Graduation Year


Document Type

Campus Only Senior Thesis

Degree Name

Bachelor of Arts


Linguistics and Cognitive Science

Reader 1

Prof. Megan Zirnstein

Reader 2

Prof. Lise Abrams

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A well-functioning pattern of emotion regulation underlies many of the factors that help people lead happier and more fulfilling lives, while defective emotion regulation underlies many psychological disorders. Emotional flexibility is now thought of as an effective or adaptive pattern of emotion regulation—one that involves the flexible use of a number of different strategies, based upon current situational demands. One of the key factors in flexibly choosing the most effective emotion regulation strategy relies on interoceptive awareness and the ability to detect physiological emotional cues. Despite its importance, previous research on emotion regulation has largely focused on laboratory settings, artificial stimuli, and self-reported recollection. To address these limitations, the current week-long pilot study attempted for the first time to integrate research and conceptual frameworks from the field of early childhood education in order to develop modern measurement tools that capture features of emotion regulation in adults exposed to a real-world environment. Overall, my findings indicate that the Zones of Regulation Framework could be used effectively by adults to capture real-world examples of emotion regulation.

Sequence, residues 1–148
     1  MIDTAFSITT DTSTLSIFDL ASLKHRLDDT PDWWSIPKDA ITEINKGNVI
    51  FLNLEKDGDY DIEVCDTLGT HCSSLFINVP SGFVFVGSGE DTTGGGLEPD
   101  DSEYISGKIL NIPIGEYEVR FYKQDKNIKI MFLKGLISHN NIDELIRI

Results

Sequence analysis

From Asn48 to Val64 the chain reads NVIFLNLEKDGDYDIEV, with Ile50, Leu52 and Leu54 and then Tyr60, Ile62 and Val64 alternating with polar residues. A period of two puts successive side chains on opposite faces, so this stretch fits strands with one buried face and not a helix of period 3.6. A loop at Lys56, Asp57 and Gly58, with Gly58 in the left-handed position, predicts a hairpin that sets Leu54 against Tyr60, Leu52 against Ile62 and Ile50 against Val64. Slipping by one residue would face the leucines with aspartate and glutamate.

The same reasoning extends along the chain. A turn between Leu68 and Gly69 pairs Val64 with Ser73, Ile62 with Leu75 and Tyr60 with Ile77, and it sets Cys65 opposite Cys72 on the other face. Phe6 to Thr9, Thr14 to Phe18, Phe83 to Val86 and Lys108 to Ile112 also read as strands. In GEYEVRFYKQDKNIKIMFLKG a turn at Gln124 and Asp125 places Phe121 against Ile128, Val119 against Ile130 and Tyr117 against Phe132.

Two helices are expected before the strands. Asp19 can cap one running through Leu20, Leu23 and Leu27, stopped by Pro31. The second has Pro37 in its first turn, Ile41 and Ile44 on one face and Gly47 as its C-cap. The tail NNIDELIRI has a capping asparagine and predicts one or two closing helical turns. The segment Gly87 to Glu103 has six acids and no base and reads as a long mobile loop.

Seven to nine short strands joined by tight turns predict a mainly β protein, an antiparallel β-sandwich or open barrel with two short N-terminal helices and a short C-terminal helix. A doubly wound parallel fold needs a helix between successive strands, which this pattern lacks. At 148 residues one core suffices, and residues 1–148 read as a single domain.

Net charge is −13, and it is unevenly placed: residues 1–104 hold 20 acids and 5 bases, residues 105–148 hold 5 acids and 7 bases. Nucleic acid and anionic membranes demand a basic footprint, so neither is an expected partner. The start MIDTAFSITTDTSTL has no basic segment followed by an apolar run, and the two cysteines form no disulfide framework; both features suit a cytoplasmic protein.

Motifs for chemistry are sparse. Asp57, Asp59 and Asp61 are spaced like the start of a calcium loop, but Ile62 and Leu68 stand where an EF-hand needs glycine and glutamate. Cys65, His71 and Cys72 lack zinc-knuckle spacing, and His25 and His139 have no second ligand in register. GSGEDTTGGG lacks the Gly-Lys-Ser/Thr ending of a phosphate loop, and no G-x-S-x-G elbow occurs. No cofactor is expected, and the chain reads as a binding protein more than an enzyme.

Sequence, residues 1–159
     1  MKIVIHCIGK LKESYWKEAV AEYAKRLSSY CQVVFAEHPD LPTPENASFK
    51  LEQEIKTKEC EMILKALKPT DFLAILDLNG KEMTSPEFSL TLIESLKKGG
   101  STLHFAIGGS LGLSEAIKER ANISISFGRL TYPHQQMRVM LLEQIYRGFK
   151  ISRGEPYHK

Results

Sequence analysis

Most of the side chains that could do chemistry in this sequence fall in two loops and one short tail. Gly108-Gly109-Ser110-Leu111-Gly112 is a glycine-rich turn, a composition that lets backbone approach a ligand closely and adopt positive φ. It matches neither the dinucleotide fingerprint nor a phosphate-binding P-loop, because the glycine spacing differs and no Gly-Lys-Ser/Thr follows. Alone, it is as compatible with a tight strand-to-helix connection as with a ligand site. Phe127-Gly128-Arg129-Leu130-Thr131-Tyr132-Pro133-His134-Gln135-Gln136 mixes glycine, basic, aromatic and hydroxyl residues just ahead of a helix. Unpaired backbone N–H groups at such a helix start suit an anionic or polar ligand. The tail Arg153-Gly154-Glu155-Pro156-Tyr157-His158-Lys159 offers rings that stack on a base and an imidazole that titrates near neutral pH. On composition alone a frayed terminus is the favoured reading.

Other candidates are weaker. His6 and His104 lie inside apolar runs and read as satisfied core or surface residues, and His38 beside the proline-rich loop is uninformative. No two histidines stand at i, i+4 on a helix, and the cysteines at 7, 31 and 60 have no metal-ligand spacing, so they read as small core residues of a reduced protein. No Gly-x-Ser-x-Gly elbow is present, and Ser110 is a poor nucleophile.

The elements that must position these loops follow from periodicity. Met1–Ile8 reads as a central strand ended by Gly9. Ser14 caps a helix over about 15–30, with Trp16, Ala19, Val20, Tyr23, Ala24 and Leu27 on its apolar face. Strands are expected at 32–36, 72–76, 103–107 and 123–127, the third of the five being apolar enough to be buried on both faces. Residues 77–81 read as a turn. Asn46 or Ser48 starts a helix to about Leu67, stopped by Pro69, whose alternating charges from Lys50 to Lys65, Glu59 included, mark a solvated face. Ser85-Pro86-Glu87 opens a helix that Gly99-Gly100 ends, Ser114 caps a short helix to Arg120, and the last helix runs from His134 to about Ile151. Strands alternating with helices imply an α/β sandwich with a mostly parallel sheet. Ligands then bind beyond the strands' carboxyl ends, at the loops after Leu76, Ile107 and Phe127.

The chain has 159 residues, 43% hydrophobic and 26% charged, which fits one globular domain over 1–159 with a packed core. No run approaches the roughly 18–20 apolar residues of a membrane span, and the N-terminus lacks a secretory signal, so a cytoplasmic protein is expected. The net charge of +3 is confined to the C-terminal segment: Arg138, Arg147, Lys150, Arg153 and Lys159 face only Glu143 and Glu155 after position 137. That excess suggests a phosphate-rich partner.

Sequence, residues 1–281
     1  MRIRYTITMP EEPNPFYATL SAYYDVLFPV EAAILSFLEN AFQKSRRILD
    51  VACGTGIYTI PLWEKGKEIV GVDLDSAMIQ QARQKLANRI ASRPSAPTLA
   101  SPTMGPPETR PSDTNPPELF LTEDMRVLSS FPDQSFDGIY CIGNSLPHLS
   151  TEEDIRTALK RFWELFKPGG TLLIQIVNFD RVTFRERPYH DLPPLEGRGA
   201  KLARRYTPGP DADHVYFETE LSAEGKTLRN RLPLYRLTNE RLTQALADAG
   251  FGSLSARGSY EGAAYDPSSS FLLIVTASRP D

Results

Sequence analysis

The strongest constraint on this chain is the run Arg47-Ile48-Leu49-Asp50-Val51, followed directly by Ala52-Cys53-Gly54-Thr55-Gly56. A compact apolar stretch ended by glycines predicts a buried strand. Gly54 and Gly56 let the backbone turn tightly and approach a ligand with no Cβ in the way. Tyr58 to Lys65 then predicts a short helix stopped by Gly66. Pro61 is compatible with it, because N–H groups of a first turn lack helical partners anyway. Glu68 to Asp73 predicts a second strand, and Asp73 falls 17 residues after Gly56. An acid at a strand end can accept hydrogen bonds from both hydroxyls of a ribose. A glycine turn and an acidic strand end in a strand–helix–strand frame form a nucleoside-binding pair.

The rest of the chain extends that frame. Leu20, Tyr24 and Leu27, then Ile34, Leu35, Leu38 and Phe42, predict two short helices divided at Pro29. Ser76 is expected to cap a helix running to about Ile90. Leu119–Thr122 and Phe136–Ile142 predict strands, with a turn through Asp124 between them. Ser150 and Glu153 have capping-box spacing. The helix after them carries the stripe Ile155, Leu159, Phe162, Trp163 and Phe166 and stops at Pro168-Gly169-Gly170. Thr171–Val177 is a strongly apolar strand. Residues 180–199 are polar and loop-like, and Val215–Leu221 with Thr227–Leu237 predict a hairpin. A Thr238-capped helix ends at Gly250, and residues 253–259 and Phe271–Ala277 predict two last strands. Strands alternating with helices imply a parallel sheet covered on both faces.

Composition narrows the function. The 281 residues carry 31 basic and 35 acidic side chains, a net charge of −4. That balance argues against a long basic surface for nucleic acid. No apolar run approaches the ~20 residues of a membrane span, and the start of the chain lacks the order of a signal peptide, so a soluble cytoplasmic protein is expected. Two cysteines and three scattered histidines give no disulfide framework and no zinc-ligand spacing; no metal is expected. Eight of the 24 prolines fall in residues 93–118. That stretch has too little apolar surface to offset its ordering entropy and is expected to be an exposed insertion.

This thesis is restricted to the Claremont Colleges current faculty, students, and staff.